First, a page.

Silver has significantly outpaced gold’s gains over the past three months, and its classification as an industrial and precious metal could put it on the path to even higher prices.
From Oct. 31 to Jan. 31, Comex silver futures rose nearly 25%, outpacing gold’s nearly 19% rise, “a statistically unusual number that shows the precious metals market is bullish on global economic growth in 2023,” wrote Nicholas Colas. -Founder of DataTrek Research, in a January 25 report.
He noted that silver is primarily an industrial metal, while gold is primarily used as an investment and for jewelry, so the outperformance of silver prices supports that “the global economy is in better shape than expected in mid-2022.” Colas attributes this mainly to China’s reopening and says it is “forming as a central investment theme” for the first few months of this year.
Much of the announcement of China’s economic reopening focused on oil and the prospect of stronger energy demand, temporarily lifting crude prices to their highest since November.
Many industrial metals have also gained as Covid-related restrictions eased in China, the world’s biggest metal consumer. Comex copper and iron ore futures rose nearly 11% in January.
Silver’s outperformance over gold over the past three months is due to “real or perceived future demand for silver due to industrial usage factors such as China and other slowly awakening economies, supply constraints and expected growth in overall demand,” he said. he says Michael Cuggino, President and Portfolio Manager of the Permanent Portfolio Family of Funds.
But that is not the whole story.
Growth in silver demand is expected to come from traditional industrial needs, such as construction and technology, but also the global push for clean energy production and goods such as electric vehicles, Cuggino says.
Michael Gayed, portfolio manager of the ATAC Fund Family and publisher of the Lead-Lag Report, noted, “Broader risk-on sentiment is taking place globally as emerging markets outperform, US discretionary stocks lead and domestic commodities as they act like wood. rising growth expectations and rising housing.”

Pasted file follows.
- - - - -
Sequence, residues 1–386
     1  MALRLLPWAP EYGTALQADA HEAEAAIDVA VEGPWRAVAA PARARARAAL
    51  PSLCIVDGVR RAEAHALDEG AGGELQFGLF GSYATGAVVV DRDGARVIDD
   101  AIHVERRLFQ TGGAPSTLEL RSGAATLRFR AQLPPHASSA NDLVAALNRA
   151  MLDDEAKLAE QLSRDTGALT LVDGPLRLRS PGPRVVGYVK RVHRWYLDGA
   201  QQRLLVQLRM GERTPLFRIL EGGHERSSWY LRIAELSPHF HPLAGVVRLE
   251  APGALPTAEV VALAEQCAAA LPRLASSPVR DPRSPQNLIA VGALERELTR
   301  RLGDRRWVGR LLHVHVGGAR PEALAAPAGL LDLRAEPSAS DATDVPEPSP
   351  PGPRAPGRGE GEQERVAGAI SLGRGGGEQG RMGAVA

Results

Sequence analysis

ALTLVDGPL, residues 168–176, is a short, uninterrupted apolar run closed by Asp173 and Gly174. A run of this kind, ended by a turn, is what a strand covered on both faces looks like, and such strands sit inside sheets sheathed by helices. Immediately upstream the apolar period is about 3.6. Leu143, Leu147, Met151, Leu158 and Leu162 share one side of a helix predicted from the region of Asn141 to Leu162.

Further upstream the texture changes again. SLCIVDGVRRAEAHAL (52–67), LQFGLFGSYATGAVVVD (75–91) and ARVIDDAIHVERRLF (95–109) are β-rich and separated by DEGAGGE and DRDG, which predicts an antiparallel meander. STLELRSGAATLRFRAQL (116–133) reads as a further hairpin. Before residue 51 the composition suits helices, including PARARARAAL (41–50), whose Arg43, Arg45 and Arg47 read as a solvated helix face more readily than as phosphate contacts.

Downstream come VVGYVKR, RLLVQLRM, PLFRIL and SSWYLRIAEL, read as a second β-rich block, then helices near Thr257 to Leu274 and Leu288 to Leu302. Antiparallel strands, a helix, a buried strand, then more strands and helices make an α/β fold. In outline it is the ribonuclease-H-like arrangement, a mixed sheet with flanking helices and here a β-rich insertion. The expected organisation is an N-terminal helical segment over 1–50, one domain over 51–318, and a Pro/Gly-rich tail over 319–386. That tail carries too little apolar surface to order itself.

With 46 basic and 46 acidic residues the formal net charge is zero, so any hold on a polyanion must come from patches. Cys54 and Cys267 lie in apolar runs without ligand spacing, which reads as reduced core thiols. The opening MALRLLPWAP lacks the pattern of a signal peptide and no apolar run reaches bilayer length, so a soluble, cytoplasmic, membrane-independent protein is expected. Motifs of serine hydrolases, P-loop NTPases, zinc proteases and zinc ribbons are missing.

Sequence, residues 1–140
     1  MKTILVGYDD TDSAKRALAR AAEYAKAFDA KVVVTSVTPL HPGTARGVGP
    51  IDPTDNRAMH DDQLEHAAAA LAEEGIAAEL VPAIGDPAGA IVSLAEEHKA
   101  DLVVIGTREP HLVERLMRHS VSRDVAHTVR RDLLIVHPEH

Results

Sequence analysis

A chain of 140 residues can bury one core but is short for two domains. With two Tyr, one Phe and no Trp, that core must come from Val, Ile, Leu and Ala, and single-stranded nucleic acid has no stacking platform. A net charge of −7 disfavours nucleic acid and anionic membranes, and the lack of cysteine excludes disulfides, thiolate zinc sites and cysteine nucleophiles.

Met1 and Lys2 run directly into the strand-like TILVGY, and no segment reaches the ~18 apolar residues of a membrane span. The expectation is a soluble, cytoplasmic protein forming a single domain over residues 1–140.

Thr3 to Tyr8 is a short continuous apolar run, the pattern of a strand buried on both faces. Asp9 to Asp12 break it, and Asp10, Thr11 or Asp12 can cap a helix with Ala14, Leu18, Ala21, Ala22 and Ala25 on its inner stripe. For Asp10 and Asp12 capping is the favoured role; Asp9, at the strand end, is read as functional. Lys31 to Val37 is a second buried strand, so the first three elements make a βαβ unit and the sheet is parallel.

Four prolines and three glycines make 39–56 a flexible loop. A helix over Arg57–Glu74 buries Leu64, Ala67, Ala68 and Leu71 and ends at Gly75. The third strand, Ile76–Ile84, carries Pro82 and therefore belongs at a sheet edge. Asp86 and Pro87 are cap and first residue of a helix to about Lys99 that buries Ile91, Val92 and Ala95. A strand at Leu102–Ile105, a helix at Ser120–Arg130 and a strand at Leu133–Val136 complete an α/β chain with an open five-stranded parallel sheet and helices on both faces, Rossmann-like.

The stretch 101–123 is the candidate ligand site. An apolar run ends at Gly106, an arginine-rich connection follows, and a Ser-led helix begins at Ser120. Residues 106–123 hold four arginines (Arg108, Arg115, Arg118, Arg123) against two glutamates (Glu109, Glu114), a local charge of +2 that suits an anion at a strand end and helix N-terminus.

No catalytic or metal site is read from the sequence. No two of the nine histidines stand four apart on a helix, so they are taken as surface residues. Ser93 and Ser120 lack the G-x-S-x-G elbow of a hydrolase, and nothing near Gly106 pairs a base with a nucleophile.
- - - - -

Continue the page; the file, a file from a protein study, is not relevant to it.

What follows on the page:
All that said, the rise in industrial metals so far this year is only partly due to China’s recovery, he says.
The value of silver as a precious metal is also likely to support prices. Comex silver futures settled at $23.609 an ounce on February 1.
Keith Weiner, founder and CEO of Monetary Metals, sees silver as mostly a cash rather than an industrial metal.
According to him, silver is better correlated with the price of gold than copper, and gold and silver are “telling the story of the decline of money”. Silver’s path is higher because the US dollar will continue to lose value, Weiner says. The prices of currency metals – gold and silver – are “the inverse of the dollar”.
Over the past three months, both gold and silver have gained, while the ICE US dollar index, a benchmark for the dollar’s international value, has lost more than 8%.
If China continues to reopen, and there is no global or significant recession in the US or Europe, Cuggino says supply and demand factors could be a “tailwind for commodity prices”. He says monetary policy can also become a tailwind. The Federal Reserve raised interest rates by a quarter point on Wednesday, marking a slowdown after a half-point increase in December.
With the right mix of factors, silver could go much higher, “easily to $30,” says Cuggino, but also “build into the teens if there’s a global recession or a major U.S. recession.”
Email: [email protected]